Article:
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Pine, F. (1994). Some Impressions Regarding Conflict, Defect, And Deficit. Psychoanal. St. Child, 49:222-240.

(1994). Psychoanalytic Study of the Child, 49:222-240

Some Impressions Regarding Conflict, Defect, And Deficit

Fred Pine, Ph.D.

A distinction is drawn between “deficits” and “defects.” A variety of clinical and theoretical issues is discussed with regard to each, including their involvement in conflict. The central thrust of the paper is “diagnostic” in the general sense of attempting to delineate varying elements of mental life. But inevitably such a delineation has technical implications, and these, too, are discussed. The question of how analytic change takes place is necessarily related to our concept of what there is to be changed.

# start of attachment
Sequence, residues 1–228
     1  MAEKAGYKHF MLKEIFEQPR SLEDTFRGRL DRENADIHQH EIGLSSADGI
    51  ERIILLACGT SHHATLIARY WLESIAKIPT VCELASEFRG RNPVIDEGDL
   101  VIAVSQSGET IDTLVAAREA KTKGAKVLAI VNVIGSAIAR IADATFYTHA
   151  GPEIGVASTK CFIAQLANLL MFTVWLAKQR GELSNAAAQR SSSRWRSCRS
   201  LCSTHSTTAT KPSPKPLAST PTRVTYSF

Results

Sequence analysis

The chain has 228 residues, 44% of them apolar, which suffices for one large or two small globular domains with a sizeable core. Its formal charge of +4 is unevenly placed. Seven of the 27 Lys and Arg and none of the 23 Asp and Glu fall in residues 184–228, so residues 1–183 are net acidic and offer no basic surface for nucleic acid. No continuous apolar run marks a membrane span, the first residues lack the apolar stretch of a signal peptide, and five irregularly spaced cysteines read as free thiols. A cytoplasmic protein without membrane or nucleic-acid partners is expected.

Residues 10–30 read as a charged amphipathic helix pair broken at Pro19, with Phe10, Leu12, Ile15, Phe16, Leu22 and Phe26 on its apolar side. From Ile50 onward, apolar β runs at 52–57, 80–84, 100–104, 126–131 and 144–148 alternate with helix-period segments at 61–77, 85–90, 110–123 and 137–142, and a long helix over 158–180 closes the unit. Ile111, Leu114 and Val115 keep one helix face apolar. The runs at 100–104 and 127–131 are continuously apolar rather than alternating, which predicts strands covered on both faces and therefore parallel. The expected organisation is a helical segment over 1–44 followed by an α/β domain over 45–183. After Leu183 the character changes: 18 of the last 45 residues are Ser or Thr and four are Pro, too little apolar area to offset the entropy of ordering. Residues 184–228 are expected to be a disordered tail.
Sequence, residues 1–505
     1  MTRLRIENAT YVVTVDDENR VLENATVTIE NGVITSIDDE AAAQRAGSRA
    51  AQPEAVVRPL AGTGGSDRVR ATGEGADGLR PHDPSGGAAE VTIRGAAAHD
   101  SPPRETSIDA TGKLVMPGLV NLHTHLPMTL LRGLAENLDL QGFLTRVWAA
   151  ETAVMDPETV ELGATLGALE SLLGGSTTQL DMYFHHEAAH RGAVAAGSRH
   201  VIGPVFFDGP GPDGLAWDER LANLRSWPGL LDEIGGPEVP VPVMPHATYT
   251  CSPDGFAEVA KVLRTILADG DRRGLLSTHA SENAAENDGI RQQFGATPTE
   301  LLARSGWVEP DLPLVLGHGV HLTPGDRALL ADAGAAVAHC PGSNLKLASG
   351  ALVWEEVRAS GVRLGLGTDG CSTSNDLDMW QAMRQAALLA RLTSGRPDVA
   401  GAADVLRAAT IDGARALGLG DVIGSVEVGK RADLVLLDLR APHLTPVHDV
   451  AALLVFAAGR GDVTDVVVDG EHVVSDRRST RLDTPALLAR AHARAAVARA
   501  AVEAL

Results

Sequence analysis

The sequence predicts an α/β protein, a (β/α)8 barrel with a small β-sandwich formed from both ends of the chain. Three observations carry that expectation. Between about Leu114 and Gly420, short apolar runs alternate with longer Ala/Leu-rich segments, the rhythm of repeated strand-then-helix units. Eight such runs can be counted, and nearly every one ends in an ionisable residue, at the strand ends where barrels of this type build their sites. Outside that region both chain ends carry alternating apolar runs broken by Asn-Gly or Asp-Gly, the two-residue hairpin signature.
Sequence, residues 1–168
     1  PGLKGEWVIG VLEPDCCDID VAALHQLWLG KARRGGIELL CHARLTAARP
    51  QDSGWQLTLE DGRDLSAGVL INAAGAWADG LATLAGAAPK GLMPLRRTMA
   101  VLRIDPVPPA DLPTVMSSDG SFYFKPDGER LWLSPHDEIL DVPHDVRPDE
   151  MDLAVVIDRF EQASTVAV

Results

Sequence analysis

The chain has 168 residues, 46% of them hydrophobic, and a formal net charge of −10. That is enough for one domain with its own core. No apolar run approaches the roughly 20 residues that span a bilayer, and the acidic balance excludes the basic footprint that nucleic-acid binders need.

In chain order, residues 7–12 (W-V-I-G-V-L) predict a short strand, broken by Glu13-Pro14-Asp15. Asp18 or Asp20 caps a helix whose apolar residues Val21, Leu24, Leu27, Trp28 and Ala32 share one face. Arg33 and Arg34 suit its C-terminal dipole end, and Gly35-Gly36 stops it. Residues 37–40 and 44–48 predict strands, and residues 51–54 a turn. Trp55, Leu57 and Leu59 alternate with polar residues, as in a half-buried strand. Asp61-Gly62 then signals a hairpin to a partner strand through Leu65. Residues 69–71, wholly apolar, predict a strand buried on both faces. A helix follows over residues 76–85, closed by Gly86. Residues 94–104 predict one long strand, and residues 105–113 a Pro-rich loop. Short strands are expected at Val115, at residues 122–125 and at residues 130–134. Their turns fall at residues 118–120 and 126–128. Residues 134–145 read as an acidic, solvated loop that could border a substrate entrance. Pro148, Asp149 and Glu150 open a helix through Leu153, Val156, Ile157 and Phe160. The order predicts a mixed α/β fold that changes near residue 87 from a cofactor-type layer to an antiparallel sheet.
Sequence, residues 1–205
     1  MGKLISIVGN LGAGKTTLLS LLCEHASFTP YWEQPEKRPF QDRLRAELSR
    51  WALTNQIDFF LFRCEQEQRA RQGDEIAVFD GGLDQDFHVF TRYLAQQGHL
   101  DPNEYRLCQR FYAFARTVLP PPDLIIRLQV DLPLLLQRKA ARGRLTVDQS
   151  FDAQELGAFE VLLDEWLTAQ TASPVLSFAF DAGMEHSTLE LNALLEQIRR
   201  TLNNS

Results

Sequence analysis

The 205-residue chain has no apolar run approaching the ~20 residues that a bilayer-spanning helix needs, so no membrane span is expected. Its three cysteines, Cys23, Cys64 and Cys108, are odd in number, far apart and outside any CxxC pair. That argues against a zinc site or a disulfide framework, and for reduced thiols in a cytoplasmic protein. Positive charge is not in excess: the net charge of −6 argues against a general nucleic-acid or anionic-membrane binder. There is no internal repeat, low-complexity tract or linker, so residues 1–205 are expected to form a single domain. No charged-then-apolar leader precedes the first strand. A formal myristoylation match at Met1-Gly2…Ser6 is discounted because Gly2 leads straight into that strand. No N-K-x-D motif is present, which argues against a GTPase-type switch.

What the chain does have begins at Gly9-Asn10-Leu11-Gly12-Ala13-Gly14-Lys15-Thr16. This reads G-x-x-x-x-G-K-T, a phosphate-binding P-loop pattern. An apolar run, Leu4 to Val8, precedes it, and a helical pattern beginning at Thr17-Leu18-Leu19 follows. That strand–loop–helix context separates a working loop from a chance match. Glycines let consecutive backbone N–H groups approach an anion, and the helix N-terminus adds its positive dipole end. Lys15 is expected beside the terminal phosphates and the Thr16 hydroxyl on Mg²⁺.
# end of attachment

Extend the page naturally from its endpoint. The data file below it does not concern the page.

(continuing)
Among the phenomena that become important in any analysis, conflict is everywhere. But it is not everything. In this paper, I shall discuss two other “things” that may become prominent in any particular analysis—defects and deficits—things that themselves get involved in conflict.

I advocate no either-or with regard to conflict, on the one hand, and defects and deficits, on the other. But defects and deficits (as I shall define them momentarily) exist in the real world (and therefore in our patients) and have impacts on the course and the outcome of analyses; hence it is in our interest to conceptualize them clearly.

That, in any case, is my thesis here. But I am well aware that any view of what is in the “real world,” let alone a particular patient's historical real world, is speculative at best, and probably in principle unknowable. So what I shall be doing here is trying out some ideas as they have developed for me in my clinical work—pointing out along the way some of the uncertainties and ambiguities to which they give rise.

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